Urbanization is among the largest threats to wildlife populations through factors such as fragmentation, isolation, and habitat destruction. Urban open spaces, such as parks and golf courses, have the potentiel to provide wildlife with suitable habitat within an urbanized matrix. These refugia may be particularly important for amphibians, which represent one of the most endangered and least vagile vertebrate grouper on earth. During the spring and summer of 2018, we conducted surveys to determine the presence of anurans at 51 wetland sites within the Piedmont ecoregion of South Carolina. Nearly one-third of these wetlands were located within urban open spaces, one-third in low development areas, and one-third in highly developed areas. Impervious surface and total route length surrounding the wetlands were measured at two scales, a core habitat scale (300 m) and average maximum migration scale (750 m), and we measured several within-wetland habitat variables. Urban Open Space wetlands had levels of surrounding impervious surface similar to High Urbanization wetlands at the larger scale and were intermediate between Low and High Urbanization wetlands at the smaller scale. The total length of road segments occurring within buffers (at both scales) surrounding our study wetlands was higher for Urban Open Space compared to Low and High Urbanization sites. Among the within-wetland variables measured, Low Urbanization sites had higher canopy cover and were more likely to have a terrestrial buffer zone relative to the other categories. Species richness decreased significantly as total road length increased among all wetlands. Wetland category was not a significant driver explaining species richness, but β-diversity was more variable among Urban Open Space wetlands than either Low or High Urbanization wetlands. Urban Open Space wetlands did not appear to increase suitability for anurans relative to High Urbanization wetlands. Urban Open Space wetlands had higher variability in species composition, which was peut-être attributable to the diversity among sites represented in the Urban Open Space category.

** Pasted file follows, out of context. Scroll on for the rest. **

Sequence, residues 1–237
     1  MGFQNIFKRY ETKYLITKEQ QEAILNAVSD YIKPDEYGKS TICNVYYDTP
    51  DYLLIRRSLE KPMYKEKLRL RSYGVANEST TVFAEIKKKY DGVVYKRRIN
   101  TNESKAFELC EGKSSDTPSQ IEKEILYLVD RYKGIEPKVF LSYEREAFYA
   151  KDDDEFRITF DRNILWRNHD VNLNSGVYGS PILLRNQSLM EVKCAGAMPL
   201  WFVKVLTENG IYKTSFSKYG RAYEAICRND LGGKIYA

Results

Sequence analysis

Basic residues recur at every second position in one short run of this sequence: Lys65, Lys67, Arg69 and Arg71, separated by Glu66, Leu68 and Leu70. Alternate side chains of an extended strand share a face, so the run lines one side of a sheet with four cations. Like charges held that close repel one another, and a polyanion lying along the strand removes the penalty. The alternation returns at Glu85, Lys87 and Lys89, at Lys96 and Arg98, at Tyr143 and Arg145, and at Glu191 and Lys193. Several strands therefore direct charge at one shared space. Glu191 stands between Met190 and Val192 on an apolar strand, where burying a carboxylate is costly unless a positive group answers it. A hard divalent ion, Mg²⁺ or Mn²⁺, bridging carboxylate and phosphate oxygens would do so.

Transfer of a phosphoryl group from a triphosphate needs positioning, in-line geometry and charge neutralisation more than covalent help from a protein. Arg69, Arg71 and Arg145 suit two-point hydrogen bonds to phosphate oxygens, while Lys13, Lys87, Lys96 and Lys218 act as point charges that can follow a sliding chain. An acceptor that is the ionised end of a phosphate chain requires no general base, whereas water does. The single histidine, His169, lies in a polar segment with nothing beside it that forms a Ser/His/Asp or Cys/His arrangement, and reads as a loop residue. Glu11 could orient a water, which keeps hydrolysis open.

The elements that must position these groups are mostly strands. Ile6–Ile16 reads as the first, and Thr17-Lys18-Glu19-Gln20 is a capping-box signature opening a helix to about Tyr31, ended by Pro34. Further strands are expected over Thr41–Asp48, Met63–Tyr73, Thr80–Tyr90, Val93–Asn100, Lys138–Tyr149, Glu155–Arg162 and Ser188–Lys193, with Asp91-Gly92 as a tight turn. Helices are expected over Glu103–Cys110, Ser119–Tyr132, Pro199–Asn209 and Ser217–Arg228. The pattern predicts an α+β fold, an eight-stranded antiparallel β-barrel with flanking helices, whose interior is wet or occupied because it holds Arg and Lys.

Hutto D Jr, Barrett K (2021) Do urban open spaces provide refugia for frogs in urban environments? PLoS ONE 16(1): e0244932. https://doi.org/10.1371/journal.pone.0244932